As part of a new $20 million National Science Foundation grant, RIT computer science professor Richard Zanibbi is using artificial intelligence to accelerate experimentation in chemistry, including finding more efficient ways to create solar cells.
Face coverings can make lip reading impossible and communication difficult for deaf and hard-of-hearing people. To help improve communication, RIT/NTID’s Center on Access Technology Lab has developed the TigerChat app.
A team of RIT researchers has been working to blast-clean some 360 door handles from buildings across campus to restore the surface copper. Copper has been found to have antibacterial properties that can kill the SARS-CoV-2 virus, which causes COVID-19.
The Cybersecurity Visiting Student Research program brought together 12 graduate and undergraduate students throughout the summer to explore new cyber research and share their cultural experiences. Visiting students came from Italy, the Netherlands, India, Taiwan, Poland, United Kingdom, and the U.S.
Tiffany Panko, M.D., has been named director of the Deaf Health Laboratory in the Research Center on Culture and Language at NTID. Panko, an alumna of RIT who received support from NTID, earned her undergraduate degree in applied arts and sciences, with concentrations in premedical and psychological studies, in 2008. She earned her MBA from Saunders College of Business in 2009, and her medical degree from the University of Rochester School of Medicine and Dentistry in 2016.
RIT is joining University of Rochester and others in a National Science Foundation-funded project to learn about the different creative skills that tomorrow’s workforce needs. The study is centered on the idea that intelligent machines are replacing the routine tasks that people do and creative skills will become even more valuable for future workers.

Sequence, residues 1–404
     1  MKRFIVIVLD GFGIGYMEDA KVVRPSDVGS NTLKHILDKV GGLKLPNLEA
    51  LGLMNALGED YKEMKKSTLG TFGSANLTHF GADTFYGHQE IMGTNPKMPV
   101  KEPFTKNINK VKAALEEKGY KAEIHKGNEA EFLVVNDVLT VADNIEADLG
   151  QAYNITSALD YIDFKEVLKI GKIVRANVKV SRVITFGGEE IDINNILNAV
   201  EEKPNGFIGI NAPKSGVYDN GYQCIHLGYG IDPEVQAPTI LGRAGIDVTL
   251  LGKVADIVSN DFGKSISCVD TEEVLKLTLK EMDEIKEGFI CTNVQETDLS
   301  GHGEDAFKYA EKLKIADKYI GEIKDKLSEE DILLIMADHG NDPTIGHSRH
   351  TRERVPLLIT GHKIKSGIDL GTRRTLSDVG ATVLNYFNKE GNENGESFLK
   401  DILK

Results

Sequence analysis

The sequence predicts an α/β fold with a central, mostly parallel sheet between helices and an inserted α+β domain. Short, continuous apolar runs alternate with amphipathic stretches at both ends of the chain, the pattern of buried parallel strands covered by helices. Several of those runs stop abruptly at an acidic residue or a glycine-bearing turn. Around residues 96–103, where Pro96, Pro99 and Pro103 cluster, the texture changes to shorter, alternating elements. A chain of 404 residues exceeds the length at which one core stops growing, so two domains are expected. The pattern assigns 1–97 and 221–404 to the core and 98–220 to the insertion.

An RIT student is on a mission to help build detectors that could identify individual photons from distant, inhabitable planets. Justin Gallagher, a fifth-year student from Rochester, N.Y., pursuing his BS in physics and MS in astrophysical sciences and technology, is serving as project manager for a nearly $1 million grant funded by NASA to create a single photon sensing and number resolving detector for NASA missions.
The unexpected transition to remote learning during the spring semester challenged faculty across RIT to experiment, create, and deploy new methods of instruction to ensure student success. As the university gears up for in-person and online classes—or a combination of both—faculty members are applying a wide range of lessons learned from the spring to keep academic momentum moving forward in the fall.
Several RIT research labs are ramping up work after several months of down time due to COVID-19. With the approval to reopen and prepare for fall classes, faculty-researchers have put in place some of the recommended guidelines for lab usage—from occupancy to cleaning protocols.